May 17, 2011

Maley: IMF disgrace tempts a Greek default

The arrest of International Monetary Fund boss Dominique Strauss-Kahn, for allegedly assaulting a maid in a hotel, prompted howls of dismay from Greek newspapers, writes Karen Maley.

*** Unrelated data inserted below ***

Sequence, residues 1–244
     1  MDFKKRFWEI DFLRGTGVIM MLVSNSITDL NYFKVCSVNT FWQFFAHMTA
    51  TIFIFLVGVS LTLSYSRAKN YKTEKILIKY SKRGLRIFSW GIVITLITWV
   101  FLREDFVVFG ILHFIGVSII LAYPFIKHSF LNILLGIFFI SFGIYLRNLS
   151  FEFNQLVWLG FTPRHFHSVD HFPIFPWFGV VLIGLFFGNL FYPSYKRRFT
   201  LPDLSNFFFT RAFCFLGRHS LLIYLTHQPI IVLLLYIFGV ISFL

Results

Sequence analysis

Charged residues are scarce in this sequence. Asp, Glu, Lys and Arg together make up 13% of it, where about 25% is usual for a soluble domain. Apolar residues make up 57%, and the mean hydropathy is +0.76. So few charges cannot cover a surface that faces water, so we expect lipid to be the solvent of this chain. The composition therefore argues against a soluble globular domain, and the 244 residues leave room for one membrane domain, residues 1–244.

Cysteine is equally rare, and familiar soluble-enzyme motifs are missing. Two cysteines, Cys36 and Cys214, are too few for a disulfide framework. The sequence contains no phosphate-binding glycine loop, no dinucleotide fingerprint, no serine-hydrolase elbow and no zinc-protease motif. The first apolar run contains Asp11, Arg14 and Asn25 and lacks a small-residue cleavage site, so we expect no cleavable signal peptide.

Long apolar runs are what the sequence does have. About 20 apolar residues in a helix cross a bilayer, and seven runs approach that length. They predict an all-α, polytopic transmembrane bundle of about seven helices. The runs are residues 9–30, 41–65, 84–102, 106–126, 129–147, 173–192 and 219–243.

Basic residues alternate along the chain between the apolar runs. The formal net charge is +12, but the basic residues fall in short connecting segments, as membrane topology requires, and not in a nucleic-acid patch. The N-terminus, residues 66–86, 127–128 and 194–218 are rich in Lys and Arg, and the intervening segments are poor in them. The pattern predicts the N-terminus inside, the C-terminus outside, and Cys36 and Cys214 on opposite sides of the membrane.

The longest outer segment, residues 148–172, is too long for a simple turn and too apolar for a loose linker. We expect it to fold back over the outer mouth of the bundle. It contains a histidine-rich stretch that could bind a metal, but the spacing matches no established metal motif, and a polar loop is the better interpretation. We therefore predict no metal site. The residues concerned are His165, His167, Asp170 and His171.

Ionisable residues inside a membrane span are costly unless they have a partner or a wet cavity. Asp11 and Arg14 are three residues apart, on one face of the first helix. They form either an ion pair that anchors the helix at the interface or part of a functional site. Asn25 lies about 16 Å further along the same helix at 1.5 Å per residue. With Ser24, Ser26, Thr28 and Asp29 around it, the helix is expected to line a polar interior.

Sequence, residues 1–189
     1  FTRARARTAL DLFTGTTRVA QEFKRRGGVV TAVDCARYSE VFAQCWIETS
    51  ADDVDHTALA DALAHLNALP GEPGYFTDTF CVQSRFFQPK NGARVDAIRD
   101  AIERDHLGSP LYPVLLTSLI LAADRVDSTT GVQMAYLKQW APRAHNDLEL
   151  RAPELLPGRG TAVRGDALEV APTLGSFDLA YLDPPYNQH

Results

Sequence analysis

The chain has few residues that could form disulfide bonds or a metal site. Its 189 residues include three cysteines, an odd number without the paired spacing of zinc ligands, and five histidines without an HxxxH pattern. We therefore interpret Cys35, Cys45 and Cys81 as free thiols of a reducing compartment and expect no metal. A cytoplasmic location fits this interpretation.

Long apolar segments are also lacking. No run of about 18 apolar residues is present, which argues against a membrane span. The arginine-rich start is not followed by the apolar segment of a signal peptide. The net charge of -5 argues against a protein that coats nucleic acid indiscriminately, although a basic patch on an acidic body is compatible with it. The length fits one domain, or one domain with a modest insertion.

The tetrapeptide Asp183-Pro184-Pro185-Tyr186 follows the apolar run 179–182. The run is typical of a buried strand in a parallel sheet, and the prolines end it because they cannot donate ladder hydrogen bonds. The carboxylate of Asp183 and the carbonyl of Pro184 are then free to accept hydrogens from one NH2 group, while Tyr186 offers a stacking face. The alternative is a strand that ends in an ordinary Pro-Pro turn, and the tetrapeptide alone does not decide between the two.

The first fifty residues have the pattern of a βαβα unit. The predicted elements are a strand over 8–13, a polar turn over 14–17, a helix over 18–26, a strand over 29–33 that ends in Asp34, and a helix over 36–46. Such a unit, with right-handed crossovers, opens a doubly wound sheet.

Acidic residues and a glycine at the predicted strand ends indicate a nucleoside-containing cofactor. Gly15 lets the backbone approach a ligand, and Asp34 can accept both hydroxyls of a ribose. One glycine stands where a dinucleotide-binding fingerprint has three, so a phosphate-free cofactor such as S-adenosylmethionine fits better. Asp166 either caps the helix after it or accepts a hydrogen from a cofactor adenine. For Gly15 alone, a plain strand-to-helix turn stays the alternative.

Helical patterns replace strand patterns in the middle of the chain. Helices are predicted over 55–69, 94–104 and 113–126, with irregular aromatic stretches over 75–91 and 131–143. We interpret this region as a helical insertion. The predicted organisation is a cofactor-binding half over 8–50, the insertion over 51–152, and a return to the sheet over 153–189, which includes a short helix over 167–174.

The weekend arrest of International Monetary Fund boss Dominique Strauss-Kahn, for allegedly assaulting a maid in a top New York hotel, prompted howls of dismay from Greek newspapers. "The maid blocks Greece", was the headline in the leftist daily newspaper Eleftherotypia, while the more conservative newspaper Kathimerini considered it a case of "Greece in doubt”. The strong personal relationship between DSK (as he’s referred to in the French media) and Greek Prime Minister George Papandreou -- both of whom are Socialists -- is generally considered to have been a key factor in the €110 billion bailout package that the IMF and the European Union cobbled together last May. It was to DSK that Papandreou first turned when he discovered the size of Greece’s budget deficit. While European politicians dithered, DSK quickly reached the decision that Greece needed a rescue package. But Greece’s position now looks dire. DSK is now being held without bail pending his trial, while European leaders remain at loggerheads over what to do about Greece’s deteriorating finances. A team from the IMF, the European Commission and the European Central Bank -- known in Greece as the "troika" -- is currently in Athens examining Greece’s progress in implementing its austerity measures. The early signs are that the country is not meeting its targets: its tax revenues are falling short, and the economy is shrinking, partly as a result of the austerity measures. Relations between the troika and the Greek government are becoming increasingly strained. At the same time, the eurozone’s two major economies are in disagreement over what course of action to take. Germany is arguing in favour of rescheduling of Greek debt, including that held by private investors, such as banks and pension funds. France, on the other hand, wants to provide additional rescue funds for Greece, and there’s talk of an extra €60 billion in emergency funding.  The only thing that the two sides agree on is that Greece needs to embark on further reforms, and find extra ways to cut government spending. The worry is that ordinary Greeks are becoming increasingly disenchanted with the country’s ongoing austerity measures, and are increasingly tempted by the idea of the country defaulting on its debts. According to the German publication, Der Spiegel, a new "I Won’t Pay" movement has sprung up in the country. "Its members are refusing to pay the price for the crisis. They are hampering the operation of toll booths on the expressway, taping over coin slots on ticket machines for buses and trains or simply dodging fares. They plan to call for resistance to a patient fee for visiting doctors and they want to organise a tax boycott. The movement already has at least 10,000 members, its organisers claim, noting that 'a new committee is added' every day." According to Der Spiegel, most of the membership of the "I Won’t Pay" movement consists of ordinary middle-class people, along with the unemployed. And this is why markets are so rattled by the situation in Greece at present. It is one thing for eurozone politicians and bureaucrats to prescribe more austerity measures for Greece, but if the Greek population rejects them, the measures simply won’t be implemented. Handled properly, Greece’s debts could be rescheduled, without roiling markets. The risk at the moment is that investors are beginning to question the ability of eurozone politicians and policy makers to be able to come up with a plan for rectifying Greece’s deteriorating finances. If investors ultimately lose confidence, we could be in for a complete re-rating of risk around the world, which would spark a huge sell-off in markets. *This article first appeared on Business Spectator.